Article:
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Prediction of fetal anaemia

Harrington, Kevin; Fayyad, Abdalla

Current Opinion in Obstetrics and Gynecology: April 2002 - Volume 14 - Issue 2 - p 177-185
Prenatal diagnosis

The perinatal outcome of the anaemic fetus has dramatically improved over the last 20 years, as a result of early recognition of the problem and treatment by intrauterine transfusion. Traditionally assessment of the anaemic fetus relied on obstetric history and maternal antibody titre, which proved to be inadequate tests to accurately predict fetal condition. More recently, invasive testing with techniques such as amniocentesis and cordocentesis have allowed a more accurate evaluation of the degree of anaemia, while at the same time enabling transfusion to take place. Such techniques are not without danger, with perinatal loss and fetomaternal haemorrhage being significant risks. The clinical community has therefore sought to find accurate, non-invasive methods for assessing the degree of fetal anaemia, thereby reducing the number of unnecessary invasive procedures, while at the same time providing more precise data on the quantity and timing of the transfusion. Recent publications focusing on the diagnosis and management (including plasmapheresis, immunoglobulins and intrauterine transfusion) of fetal anaemia will be discussed.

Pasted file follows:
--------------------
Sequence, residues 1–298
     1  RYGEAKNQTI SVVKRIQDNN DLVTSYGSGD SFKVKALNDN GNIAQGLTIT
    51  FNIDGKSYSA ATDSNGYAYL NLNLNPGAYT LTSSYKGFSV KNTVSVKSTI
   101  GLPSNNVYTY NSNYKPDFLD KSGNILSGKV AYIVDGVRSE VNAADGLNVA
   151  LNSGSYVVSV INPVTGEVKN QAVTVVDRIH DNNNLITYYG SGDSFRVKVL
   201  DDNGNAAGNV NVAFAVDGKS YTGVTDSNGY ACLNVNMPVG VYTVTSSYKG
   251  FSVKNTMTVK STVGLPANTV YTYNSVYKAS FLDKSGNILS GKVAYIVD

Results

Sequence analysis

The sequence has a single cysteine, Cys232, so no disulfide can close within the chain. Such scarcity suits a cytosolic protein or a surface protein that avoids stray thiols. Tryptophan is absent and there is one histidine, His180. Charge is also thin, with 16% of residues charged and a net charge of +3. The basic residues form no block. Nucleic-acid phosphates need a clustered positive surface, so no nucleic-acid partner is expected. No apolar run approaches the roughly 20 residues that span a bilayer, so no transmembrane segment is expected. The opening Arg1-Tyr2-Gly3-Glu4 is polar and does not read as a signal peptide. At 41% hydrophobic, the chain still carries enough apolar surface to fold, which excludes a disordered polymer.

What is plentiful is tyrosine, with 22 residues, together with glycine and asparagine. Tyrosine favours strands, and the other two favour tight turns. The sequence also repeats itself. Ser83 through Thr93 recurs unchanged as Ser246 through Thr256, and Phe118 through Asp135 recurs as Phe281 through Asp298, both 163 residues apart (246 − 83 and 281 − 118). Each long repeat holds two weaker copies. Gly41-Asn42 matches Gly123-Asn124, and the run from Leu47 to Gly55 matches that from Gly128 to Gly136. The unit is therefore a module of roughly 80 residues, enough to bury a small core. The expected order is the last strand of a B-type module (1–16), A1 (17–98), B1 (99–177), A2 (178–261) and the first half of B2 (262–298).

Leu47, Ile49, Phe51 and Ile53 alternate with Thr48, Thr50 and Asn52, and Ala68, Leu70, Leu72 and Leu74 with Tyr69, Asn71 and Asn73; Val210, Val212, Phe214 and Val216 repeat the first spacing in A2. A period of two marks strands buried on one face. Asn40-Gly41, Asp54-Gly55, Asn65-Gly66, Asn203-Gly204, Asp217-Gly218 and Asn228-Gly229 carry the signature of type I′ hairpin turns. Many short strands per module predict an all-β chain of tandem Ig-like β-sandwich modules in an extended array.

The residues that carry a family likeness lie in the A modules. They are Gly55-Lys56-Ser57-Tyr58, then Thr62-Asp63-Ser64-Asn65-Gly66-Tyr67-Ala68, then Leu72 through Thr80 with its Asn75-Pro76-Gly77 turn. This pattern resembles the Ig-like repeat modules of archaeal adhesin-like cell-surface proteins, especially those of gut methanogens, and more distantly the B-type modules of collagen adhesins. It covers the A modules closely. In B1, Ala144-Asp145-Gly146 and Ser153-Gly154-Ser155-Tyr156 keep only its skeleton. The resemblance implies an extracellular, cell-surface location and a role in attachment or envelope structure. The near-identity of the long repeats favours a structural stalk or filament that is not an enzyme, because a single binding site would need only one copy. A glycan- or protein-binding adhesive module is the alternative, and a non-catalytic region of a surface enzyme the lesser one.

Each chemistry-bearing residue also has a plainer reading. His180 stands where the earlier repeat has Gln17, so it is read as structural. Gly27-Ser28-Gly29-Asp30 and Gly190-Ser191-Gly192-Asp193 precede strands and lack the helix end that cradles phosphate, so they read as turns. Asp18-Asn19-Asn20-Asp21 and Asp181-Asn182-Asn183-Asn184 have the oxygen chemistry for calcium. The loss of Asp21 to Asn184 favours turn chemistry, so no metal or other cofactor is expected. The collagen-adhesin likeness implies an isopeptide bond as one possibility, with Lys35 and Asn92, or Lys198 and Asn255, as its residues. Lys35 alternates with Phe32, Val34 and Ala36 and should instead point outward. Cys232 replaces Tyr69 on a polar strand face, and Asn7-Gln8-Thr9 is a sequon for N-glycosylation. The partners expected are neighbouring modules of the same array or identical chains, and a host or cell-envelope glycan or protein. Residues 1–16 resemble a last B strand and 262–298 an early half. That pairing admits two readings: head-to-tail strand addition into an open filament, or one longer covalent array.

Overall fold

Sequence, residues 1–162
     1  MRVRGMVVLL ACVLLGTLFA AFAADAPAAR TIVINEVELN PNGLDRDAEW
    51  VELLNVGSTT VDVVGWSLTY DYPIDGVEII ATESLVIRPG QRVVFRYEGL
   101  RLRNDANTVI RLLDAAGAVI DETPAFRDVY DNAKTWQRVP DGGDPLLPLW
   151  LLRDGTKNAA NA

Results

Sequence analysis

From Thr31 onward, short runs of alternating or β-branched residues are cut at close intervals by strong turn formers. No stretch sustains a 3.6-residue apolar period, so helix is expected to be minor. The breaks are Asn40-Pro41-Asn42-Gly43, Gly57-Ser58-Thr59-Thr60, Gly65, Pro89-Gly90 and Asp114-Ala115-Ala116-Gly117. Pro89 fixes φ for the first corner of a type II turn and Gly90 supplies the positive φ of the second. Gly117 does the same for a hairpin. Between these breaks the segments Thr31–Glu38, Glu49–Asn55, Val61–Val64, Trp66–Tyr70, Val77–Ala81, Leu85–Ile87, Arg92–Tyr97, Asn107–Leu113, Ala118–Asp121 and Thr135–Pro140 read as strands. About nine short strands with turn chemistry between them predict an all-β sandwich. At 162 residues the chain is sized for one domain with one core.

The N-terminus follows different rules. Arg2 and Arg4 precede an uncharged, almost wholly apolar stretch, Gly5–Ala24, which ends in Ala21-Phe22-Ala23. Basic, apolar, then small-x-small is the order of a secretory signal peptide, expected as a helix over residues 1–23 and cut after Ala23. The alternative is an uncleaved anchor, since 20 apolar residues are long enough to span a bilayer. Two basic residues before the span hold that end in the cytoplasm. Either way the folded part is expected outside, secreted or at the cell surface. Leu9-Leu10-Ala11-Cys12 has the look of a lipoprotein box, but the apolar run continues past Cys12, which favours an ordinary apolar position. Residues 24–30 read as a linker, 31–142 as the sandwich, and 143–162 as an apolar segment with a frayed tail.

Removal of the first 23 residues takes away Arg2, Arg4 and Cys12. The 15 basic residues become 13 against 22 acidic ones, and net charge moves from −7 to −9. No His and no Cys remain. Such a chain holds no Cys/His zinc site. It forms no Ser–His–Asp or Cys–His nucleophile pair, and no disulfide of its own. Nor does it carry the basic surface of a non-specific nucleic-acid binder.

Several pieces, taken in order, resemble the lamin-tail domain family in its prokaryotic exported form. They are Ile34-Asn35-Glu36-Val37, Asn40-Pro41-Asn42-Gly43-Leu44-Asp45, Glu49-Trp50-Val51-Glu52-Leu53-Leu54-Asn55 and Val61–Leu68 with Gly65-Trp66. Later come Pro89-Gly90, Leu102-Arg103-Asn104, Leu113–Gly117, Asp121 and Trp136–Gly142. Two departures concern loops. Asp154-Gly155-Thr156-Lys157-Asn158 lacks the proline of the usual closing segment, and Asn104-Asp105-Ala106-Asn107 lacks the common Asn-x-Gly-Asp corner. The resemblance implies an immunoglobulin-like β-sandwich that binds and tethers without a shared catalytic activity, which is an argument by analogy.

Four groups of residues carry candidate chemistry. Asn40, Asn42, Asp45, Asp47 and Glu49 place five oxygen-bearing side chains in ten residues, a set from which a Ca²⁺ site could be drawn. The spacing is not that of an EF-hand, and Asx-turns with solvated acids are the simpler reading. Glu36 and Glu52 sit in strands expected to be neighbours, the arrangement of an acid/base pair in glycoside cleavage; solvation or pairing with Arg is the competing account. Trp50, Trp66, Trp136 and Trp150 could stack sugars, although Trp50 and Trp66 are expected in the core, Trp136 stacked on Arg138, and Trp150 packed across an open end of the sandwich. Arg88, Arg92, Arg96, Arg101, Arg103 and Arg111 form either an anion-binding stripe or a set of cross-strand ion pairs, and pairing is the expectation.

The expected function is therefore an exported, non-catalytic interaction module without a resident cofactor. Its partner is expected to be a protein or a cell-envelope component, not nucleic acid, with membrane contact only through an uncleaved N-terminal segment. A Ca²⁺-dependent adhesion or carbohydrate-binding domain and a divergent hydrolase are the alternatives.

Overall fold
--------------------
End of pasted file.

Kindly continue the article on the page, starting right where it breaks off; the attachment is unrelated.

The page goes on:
Academic Department of Obstetrics and Gynaecology, The Homerton Hospital, London, UK

Correspondence to Mr Kevin Harrington, Academic Department of Obstetrics and Gynaecology, Homerton Hospital, Homerton Row, London E9 6SR, UK. Tel: +44 20 8510 7544; fax: +44 20 8510 7850; e-mail:

© 2002 Lippincott Williams & Wilkins, Inc.